Review: Remina by Junji Ito

cover of Remina by Junji Ito

Remina by Junji Ito
VIZ Media (December 15, 2020)
256 pages; $19.99 hardcover, $15.99 ebook
Reviewed by Danica Davidson

At first it looks as if everything is working out for 16-year-old Remina. Her father, a scientist, won the Nobel Prize for discovering a wormhole. When an unknown planet from a different dimension comes through the wormhole, it makes her father even more famous and celebrated, and he names the planet Remina after his daughter. Buoyed by this fame, Remina the girl uses it to get into the entertainment industry and became a celebrity in her own right.

But then the planet Remina keeps heading toward earth, moving faster than should be possible. Moving faster than the speed of light, even. As it goes, it destroys the planets on its path. It appears to have eyes that look out, and giant tongues that can attack planets. It doesn’t take people long to figure that the planet Remina will destroy earth as well.

At first Remina looks to be a science fiction read with all of its talk about planets, and there’s definitely a science fiction aspect to it. But Remina’s creator, Junji Ito, is one of Japan’s masters of horror manga, and he still brings plenty of horror to the game. This really starts happening when people come up with an idea that Remina and her father are somehow in charge of the planet Remina. In the mass hysteria, some people become convinced that the only way to save earth is to murder Remina and her father, because of their alleged connection to the planet’s demonic abilities.

Men in masks become the leaders of this crazed moment, which is determined to not only kill Remina and her father, but to do it brutally. This leads to images of torture and crucifixion, as the mob sets up crosses to tie Remina and her father to. The horror is in the devices used against two innocent people, but the horror is also the madness that turns the mobs against innocent people in the first place. And during the midst of all the evil humans are able to accomplish, there is still the threat of the destroying planet . . .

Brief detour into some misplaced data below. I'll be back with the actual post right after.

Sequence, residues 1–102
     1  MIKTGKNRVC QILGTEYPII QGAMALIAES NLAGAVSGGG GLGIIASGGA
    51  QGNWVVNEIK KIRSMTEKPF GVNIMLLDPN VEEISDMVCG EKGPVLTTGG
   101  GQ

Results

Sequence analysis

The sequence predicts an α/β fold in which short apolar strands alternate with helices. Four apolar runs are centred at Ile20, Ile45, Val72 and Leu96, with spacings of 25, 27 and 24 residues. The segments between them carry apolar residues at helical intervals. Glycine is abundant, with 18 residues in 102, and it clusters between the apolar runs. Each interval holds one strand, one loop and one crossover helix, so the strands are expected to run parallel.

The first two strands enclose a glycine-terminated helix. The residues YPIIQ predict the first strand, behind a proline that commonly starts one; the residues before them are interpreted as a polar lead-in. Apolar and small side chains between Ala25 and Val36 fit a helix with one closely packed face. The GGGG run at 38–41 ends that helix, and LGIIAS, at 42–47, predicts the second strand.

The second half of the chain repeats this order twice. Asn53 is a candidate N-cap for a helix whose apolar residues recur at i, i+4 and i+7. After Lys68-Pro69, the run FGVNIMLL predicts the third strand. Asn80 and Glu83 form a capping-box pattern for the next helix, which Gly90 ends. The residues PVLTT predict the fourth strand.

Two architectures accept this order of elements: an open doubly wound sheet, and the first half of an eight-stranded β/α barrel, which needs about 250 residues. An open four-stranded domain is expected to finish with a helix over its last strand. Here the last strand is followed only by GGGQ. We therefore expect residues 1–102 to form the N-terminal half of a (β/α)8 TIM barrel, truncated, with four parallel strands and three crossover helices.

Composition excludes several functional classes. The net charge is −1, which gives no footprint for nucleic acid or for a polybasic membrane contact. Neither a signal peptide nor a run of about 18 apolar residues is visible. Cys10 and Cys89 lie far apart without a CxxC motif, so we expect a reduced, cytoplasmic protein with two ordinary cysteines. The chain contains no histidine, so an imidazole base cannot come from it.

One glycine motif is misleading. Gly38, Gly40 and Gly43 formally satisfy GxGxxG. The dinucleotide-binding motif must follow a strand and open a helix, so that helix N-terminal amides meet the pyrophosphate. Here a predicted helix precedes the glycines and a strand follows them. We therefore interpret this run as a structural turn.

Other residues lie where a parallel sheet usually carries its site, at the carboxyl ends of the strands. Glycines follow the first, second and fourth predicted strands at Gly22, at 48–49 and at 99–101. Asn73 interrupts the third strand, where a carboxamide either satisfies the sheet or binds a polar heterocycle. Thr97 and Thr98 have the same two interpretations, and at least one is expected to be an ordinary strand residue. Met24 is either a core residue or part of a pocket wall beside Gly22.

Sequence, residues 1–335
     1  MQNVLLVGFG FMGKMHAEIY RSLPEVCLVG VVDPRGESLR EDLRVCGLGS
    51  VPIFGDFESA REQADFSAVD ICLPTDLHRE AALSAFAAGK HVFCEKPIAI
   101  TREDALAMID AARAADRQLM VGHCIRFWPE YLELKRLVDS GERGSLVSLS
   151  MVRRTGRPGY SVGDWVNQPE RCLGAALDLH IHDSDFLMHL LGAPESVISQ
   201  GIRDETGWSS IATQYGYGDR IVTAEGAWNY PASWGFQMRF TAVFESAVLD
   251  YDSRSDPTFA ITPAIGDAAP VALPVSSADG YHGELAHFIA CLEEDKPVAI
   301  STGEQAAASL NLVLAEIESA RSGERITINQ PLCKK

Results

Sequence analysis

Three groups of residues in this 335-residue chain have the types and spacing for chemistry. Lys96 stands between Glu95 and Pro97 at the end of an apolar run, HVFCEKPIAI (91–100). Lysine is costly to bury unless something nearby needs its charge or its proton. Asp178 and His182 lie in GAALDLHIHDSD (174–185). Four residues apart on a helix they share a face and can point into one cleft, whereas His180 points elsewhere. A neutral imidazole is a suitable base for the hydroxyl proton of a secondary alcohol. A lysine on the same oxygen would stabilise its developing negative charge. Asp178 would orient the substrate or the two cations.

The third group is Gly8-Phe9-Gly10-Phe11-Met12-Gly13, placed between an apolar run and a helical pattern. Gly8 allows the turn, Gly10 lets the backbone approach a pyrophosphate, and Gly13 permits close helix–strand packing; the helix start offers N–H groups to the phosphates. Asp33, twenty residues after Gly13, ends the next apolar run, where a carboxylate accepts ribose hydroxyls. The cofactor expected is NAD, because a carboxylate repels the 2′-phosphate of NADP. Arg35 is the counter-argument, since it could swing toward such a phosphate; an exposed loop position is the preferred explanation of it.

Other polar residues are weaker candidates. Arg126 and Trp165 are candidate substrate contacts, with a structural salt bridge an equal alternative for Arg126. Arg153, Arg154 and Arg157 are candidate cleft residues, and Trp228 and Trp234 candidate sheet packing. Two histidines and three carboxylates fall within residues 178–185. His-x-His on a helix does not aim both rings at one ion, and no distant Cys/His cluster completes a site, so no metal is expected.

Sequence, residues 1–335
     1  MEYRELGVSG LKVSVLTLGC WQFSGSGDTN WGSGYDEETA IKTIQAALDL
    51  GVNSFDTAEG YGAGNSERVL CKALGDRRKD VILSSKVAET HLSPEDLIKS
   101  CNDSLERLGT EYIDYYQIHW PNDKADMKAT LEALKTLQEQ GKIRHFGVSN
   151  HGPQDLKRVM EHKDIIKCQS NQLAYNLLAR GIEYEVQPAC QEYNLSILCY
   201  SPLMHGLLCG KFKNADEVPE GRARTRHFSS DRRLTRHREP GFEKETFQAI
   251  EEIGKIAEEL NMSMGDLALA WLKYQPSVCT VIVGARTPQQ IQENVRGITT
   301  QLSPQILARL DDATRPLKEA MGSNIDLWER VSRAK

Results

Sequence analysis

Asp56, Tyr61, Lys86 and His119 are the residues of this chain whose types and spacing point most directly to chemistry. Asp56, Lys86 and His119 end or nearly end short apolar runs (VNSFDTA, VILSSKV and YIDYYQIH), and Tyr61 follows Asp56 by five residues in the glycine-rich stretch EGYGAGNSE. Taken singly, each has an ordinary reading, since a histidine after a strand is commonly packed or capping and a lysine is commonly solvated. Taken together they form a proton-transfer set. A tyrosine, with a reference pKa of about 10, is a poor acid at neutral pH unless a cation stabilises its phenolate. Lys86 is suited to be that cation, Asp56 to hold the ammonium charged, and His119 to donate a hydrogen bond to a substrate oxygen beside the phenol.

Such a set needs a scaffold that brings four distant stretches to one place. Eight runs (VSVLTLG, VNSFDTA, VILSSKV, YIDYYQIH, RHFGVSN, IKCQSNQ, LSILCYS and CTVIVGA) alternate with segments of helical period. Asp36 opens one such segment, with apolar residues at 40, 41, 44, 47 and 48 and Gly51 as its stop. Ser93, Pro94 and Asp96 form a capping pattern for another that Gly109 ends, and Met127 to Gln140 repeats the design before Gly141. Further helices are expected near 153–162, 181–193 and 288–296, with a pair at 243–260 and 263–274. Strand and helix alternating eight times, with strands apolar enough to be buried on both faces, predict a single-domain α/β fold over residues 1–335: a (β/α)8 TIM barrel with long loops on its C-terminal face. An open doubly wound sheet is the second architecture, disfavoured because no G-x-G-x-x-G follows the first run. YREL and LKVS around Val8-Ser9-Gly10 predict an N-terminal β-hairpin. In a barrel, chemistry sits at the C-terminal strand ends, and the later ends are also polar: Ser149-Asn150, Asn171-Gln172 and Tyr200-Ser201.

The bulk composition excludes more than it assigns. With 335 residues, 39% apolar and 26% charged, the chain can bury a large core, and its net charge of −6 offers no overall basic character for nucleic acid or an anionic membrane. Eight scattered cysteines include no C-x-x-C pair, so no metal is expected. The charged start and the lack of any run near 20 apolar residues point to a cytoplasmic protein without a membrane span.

Remina was originally published in Japan in 2005, and the translation is just making its way over to America now. This happens as Junji Ito makes more of push into American readership. His two best-known manga are Tomie and Uzumaki, and Uzumaki is being turned into an animated miniseries by Adult Swim to air next year. (It was supposed to air this year, but got postponed because of COVID.)

Remina is one of Ito’s lesser known titles, but it’s still a great read for fans of his work, and anyone new to him can check out the interesting way he blends horror and science fiction. Ito’s art is masterfully done, whether he’s drawing something beautiful or something ugly (and he draws quite a bit of both). He knows how to create atmosphere and leave readers squirming. While some manga spawn off into series, Remina is a stand-alone volume.

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